This salad dressing is a Fall and Winter favorite, with Sweetlife Apple Cider Vinegar and our favorite winter vegetable in the starring roles, embellished with Dr. Bob's seasonings. Our menus reflect the abundance of recently harvested winter squashes and pumpkins wintering in the cellar. Apples were picked and pressed in September, and every year we impatiently await the natural conversion of cider to vinegar, since we usually run out of last year's before this year's crop is ready.
Dress a hearty main dish salad of grains or legumes with this uniquely winter dressing, or use a light hand to delicately adorn baby greens. Overwintering fruits such as sliced apples and pears or pomegranate seeds are great additions, along with a sprinkling of your favorite nuts, seeds or cheese such as feta or gorganzola.
Here’s an combo idea to get you going: mixed greens, red onion, roasted salted pistachios, chickpeas, pomegranate seeds
If you can, roast your own squash or pumpkin for this recipe. The canned version isn’t a deal breaker, but roasting it yourself is so easy there’s no reason not to. Whether it is an acorn or butternut squash or one of my favorite pumpkins (‘winter luxury’ and ‘red kury’-- both are smallish and the bees' knees for flavor and baking), just treat it like a baked potato. The exterior on most uncooked pumpkins and larger varieties of winter squashes is tough and doesn't give up easily to any implement short of a hatchet, so baking them whole is a game changer.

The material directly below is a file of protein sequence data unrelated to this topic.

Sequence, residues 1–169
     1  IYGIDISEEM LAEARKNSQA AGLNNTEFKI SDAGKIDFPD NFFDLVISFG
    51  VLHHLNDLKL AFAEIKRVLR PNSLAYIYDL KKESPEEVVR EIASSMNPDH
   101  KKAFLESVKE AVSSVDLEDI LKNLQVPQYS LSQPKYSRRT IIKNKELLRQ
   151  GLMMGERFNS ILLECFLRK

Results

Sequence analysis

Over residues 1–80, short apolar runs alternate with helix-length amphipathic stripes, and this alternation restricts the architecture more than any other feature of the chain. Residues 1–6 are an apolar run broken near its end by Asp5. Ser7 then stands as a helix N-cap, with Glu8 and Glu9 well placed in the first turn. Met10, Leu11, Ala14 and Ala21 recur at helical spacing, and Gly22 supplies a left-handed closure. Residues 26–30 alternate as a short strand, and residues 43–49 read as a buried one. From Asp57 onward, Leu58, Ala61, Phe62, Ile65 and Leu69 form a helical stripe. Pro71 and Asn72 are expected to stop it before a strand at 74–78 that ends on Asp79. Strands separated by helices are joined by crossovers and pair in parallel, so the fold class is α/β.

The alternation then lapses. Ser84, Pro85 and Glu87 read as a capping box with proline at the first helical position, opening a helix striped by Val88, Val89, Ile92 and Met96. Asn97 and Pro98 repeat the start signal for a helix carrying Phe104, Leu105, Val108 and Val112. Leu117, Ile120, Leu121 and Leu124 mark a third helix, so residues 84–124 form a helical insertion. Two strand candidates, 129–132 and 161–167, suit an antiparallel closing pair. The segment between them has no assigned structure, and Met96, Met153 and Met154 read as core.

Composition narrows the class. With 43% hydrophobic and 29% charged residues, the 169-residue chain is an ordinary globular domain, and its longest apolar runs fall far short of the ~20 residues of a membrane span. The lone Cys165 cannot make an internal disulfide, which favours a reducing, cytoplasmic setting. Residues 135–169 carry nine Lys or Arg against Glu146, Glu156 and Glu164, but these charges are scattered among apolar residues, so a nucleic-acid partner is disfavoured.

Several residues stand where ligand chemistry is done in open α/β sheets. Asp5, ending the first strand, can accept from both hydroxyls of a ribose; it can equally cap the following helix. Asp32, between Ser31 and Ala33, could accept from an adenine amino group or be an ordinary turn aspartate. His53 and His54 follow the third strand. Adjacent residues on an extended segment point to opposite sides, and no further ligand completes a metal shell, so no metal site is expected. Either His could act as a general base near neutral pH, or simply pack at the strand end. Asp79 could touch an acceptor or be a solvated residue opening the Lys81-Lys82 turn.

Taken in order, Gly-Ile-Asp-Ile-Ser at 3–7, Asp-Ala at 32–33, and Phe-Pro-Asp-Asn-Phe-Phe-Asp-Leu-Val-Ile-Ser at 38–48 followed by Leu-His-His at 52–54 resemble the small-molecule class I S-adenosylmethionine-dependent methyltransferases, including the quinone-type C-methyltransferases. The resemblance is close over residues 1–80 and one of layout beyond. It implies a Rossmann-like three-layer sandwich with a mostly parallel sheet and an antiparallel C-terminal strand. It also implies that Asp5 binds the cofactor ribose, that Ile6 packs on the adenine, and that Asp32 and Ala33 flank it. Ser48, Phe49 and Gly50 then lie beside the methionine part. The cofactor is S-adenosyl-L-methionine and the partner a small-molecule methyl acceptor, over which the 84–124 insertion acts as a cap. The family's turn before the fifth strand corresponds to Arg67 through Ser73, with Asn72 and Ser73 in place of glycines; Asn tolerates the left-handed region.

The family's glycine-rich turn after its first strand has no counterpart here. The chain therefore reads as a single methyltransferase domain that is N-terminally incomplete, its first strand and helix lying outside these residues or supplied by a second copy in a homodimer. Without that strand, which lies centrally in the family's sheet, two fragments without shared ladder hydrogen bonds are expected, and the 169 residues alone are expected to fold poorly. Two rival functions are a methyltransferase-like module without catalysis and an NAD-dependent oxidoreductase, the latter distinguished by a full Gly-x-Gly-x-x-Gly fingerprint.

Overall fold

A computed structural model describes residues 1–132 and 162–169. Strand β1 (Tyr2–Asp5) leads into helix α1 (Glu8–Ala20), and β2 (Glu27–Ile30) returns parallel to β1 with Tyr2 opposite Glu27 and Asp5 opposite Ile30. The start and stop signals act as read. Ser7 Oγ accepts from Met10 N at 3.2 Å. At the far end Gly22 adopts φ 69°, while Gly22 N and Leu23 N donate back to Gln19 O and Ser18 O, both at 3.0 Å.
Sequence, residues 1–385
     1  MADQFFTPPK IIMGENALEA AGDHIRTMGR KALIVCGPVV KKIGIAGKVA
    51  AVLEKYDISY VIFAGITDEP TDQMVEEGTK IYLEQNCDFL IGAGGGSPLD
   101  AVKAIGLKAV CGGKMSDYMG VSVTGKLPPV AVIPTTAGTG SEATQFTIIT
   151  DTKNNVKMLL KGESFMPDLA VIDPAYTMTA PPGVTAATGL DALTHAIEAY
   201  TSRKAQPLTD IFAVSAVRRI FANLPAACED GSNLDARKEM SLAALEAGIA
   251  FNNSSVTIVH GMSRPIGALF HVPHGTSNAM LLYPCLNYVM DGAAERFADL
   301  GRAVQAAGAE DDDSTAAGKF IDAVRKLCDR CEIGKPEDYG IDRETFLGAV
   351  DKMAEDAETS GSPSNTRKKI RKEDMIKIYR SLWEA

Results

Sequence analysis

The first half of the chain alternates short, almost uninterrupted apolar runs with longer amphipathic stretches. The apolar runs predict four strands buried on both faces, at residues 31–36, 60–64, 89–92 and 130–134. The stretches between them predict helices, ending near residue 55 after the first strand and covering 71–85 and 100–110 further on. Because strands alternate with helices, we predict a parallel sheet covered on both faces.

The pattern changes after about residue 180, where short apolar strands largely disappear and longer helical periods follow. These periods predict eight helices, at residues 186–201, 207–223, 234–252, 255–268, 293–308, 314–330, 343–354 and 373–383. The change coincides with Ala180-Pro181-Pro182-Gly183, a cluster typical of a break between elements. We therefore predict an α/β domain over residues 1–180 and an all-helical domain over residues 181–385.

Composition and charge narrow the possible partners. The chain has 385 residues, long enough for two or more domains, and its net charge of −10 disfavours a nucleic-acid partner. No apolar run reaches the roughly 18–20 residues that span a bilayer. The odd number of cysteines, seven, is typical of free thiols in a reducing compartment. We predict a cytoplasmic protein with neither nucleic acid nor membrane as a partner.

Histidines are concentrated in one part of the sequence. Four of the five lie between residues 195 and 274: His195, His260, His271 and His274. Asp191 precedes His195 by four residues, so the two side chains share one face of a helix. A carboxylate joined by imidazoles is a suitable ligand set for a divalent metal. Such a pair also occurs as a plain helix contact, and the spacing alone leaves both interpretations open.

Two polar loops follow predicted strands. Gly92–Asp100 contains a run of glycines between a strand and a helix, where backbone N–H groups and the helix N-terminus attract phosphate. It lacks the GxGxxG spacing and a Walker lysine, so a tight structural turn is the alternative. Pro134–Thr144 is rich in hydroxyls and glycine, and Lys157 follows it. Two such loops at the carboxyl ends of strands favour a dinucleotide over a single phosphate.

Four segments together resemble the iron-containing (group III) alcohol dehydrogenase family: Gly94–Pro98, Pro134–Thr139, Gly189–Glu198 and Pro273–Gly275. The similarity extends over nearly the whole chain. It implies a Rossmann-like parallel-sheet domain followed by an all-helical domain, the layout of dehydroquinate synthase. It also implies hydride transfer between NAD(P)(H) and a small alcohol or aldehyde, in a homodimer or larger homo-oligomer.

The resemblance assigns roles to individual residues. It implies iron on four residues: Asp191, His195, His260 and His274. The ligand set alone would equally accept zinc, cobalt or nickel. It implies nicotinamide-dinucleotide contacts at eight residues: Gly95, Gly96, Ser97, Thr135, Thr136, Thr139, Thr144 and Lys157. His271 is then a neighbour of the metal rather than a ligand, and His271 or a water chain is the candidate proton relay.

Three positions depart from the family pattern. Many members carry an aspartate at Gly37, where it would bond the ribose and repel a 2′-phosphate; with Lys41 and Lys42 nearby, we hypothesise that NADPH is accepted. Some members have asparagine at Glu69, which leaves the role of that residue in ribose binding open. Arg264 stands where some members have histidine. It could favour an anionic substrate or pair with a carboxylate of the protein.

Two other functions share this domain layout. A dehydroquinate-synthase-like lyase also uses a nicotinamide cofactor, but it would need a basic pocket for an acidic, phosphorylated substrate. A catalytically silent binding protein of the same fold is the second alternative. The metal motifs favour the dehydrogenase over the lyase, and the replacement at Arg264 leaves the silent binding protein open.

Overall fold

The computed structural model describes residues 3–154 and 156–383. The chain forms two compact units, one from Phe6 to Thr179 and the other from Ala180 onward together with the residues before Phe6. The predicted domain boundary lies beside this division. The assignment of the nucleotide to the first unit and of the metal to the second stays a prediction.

Put the whole thing in an appropriately sized pan and bake in a conventional oven at 350 until it "gives up," and a sharp knife can be inserted without resistance. Let it cool, cut it open, scoop out the seeds and mash or puree the flesh. That’s it. Don't worry if it sags and looks kind of sad after it gives up-you would too.
Don't bake them in the microwave, since it’s also difficult to poke air holes in them when they're raw, and they explode in the microwave if you don’t….
Some people risk cutting off a finger cutting/peeling them, then boil the flesh in water until soft. The problem with this is they become waterlogged, and many of the nutrients end up in the water, so forgetaboutit.
I prefer the above mentioned varieties for their nutty flavor, rich color and a naturally low water content, perfect for pies and soups. Extra puree freezes well, saving steps for future meals.
Salad Dressing Ingredients:
!/4 cup pureed pumpkin or winter squash
1/4 cup Sweetlife Farm Apple Cider Vinegar
1/2cup extra virgin olive oil
2 tablespoons maple syrup (use the real thing!)
1 teaspoon dijon mustard
1 tablespoon Dr. Bob’s Alder-smoked Pepper
1 tablespoon Dr. Bob’s Sweet Shot Rub
Combine all ingredients in a glass jar with a tight fitting lid; shake until all ingredients are incorporated. Stores well covered in the refrigerator. I usually make a double batch….